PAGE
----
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01 May 2024

Are surging bankruptcy rates in Australia boosting SME M&A activity?

This article was originally published by Grace Robbie for Lawyers Weeekly (1 May 2024). 

With Australian businesses facing record-breaking bankruptcy levels, Bartier Perry corporate partner Michael Cossetto predicts that this trend could lead to an increase in SME mergers and acquisitions.

As economic pressures mount, driven by factors such as higher interest rates and the lingering effects of COVID-19, the number of Australian businesses filing for bankruptcy has reached its highest level in the past 25 years.

In March, the Australian Securities and Investments Commission (ASIC) reported a record high in Australian insolvency rates, with 1,131 businesses declaring bankruptcy. This figure marks the most significant number recorded since ASIC began collecting these statistics in 1999.

As a direct consequence, the volume and value of M&A transactions in Australia experienced a significant decline in 2023.

The annual Dealmaking Insight report by Australian accounting firm William Buck shed light on this situation through comprehensive research on Australia’s M&A activities in 2023, providing insights into the current state.

According to the report, the value of M&A transactions in Australia plummeted to “pre-pandemic levels” after record-breaking years in 2021–2022. In 2023, the overall value of M&A deals was $68.2 billion, representing a significant drop from $188.8 billion the previous year.

Additionally, the report highlighted a 31 per cent decrease in M&A deal volume, dropping from 1,022 to 708 transactions in 2023, marking the lowest number of transitions recorded in the past decade.

In the face of the substantial number of businesses filing for bankruptcy in Australia and the decrease in value and volume of M&A transactions, Michael Cossetto, corporate partner at Bartier Perry, believes this situation could spur an increase in SME mergers and acquisitions.

“We’re seeing a perfect storm of generational change, growing compliance requirements, and now financial pressures impacting small to medium businesses in Australia.

“I get the sense the market has been waiting for blood to spill, and now that the rate of insolvencies has been increasing, we’re expecting M&A is only going to get busier as the year goes on,” Cossetto commented, before going on to highlight several reasons SME business owners choose to sell their businesses.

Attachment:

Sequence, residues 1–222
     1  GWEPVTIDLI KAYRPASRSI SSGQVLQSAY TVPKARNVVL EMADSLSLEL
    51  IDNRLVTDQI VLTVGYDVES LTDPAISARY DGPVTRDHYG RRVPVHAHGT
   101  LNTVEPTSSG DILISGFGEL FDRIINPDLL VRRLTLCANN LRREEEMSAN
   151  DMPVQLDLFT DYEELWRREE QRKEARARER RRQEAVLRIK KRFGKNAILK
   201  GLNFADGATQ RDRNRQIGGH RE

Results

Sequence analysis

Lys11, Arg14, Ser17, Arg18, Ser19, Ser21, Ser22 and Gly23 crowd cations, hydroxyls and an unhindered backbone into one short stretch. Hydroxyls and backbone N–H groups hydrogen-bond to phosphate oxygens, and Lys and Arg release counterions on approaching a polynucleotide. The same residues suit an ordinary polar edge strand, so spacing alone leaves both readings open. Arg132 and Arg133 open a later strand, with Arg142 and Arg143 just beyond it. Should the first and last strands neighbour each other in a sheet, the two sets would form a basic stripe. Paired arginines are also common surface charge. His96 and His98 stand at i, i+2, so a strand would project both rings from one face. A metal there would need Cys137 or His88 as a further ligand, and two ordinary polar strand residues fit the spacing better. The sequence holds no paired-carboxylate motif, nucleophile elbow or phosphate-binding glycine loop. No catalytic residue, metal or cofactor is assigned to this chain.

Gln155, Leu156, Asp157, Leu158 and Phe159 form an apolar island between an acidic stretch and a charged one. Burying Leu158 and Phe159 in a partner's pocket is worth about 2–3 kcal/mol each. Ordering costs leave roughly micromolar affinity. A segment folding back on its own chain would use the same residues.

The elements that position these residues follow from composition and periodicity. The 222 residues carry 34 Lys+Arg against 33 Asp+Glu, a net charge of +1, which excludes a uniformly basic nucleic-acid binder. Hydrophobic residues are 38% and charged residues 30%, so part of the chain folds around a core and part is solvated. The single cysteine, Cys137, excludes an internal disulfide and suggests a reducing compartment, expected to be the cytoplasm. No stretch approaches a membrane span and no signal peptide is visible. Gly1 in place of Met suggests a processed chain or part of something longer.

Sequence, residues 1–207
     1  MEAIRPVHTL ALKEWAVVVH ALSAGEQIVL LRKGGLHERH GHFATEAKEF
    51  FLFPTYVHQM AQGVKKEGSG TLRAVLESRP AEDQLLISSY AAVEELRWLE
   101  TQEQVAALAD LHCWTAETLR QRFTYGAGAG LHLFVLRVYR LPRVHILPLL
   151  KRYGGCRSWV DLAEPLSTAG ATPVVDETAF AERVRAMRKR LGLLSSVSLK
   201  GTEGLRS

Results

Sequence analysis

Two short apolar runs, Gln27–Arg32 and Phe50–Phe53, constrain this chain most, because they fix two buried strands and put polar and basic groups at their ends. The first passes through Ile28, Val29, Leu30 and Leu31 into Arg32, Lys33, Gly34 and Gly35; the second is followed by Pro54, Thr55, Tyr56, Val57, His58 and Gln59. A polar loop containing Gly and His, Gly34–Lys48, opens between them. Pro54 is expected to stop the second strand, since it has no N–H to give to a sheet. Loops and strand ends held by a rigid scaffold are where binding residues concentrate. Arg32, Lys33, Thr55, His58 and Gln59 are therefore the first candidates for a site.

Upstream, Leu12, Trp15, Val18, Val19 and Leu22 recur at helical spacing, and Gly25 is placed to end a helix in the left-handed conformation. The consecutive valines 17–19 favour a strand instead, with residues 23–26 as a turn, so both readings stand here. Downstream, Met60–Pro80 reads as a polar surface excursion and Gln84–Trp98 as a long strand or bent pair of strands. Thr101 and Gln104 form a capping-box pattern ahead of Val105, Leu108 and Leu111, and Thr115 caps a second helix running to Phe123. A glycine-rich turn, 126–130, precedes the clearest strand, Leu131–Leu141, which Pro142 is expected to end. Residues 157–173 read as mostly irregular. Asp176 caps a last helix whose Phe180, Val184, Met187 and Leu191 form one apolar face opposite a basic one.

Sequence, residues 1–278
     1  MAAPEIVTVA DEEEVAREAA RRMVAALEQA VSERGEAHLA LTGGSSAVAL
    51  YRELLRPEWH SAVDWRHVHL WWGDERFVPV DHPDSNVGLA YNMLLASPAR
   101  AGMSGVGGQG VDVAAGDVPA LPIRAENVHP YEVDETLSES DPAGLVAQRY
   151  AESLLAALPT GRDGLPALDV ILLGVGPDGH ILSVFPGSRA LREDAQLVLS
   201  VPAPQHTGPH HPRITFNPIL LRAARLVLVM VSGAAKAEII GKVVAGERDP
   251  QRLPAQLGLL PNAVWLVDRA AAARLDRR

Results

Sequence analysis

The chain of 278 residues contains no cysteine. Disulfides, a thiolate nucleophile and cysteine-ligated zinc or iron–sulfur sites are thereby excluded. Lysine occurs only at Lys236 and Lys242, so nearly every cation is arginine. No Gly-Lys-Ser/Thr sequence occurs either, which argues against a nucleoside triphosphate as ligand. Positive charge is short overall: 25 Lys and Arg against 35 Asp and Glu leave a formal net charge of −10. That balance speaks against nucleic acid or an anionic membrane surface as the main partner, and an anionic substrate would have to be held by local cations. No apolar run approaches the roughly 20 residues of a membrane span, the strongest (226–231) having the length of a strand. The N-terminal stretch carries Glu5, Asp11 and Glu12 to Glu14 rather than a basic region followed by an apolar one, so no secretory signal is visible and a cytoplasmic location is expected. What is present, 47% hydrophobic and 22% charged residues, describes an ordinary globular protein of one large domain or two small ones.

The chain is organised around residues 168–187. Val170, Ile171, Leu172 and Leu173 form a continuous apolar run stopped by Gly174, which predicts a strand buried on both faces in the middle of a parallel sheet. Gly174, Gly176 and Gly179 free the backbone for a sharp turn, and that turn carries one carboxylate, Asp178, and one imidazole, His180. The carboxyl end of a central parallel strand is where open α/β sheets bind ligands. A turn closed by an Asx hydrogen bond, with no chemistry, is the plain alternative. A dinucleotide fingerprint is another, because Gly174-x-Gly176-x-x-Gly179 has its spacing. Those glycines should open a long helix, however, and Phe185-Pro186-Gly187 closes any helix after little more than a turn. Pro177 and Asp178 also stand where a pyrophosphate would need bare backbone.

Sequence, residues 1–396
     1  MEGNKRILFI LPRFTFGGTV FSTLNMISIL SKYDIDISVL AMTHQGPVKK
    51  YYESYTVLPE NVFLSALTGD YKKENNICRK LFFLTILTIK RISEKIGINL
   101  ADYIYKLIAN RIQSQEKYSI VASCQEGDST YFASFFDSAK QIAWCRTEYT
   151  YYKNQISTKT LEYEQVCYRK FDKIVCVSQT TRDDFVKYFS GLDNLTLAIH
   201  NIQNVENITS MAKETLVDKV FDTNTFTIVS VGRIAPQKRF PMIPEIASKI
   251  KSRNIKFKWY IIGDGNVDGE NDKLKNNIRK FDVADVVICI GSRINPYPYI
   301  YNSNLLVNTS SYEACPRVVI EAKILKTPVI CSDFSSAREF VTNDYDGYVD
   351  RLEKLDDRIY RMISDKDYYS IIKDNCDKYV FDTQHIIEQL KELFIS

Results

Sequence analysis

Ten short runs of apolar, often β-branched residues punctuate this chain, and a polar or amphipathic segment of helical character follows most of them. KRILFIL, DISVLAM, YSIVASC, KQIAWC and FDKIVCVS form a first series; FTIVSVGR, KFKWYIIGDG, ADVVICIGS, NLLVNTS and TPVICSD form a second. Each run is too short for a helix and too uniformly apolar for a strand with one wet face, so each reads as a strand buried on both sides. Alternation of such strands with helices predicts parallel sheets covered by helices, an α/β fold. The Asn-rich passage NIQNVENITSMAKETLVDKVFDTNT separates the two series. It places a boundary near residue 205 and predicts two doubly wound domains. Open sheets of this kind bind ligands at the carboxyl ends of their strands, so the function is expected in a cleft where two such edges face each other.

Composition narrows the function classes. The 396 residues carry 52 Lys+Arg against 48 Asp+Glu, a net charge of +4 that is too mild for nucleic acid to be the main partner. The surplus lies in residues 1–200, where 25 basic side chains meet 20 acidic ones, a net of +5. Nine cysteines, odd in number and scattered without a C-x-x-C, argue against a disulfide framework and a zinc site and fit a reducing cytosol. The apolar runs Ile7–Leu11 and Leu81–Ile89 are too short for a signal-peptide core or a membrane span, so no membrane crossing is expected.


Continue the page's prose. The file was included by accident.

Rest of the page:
“A number of businesses that our clients are buying are family-run, with people having got to an age where they want to exit as their kids don’t want to take over.

“There is also an increasing amount of compliance and new workplace regulations, which many smaller businesses are struggling to keep up with.

“Finally, cashed-up investors who have been sitting on the sidelines for some time are now seeing plenty of opportunities to merge a series of small businesses into a far more operationally efficient and profitable mid-sized one,” Cossetto stated.

Mark Calvetti, the head of corporate finance at William Buck, echoed Cossetto’s sentiments, emphasising the vibrancy of the SME M&A market despite its current state.

“We are seeing a very active middle market for transactions despite a decrease in overall volume and value in M&A activity, being guided by an increasing number of succession-driven vendors looking to exist,” Calvetti commented.

Expecting continued growth in SME M&A over the next 12 months, Cossetto offers valuable advice to investors contemplating entering the market.

“In a frothy M&A market, due diligence is key. There may well be bargains, but there will also be financial trapdoors among some of those, which, if not uncovered early, could be very costly later on.

“No one industry or sector was expected to dominate the mid-market M&A sector, but the not-for-profit space was seeing a notable lift in activity driven by organisations unable to keep up with compliance requirements,” Cossetto said.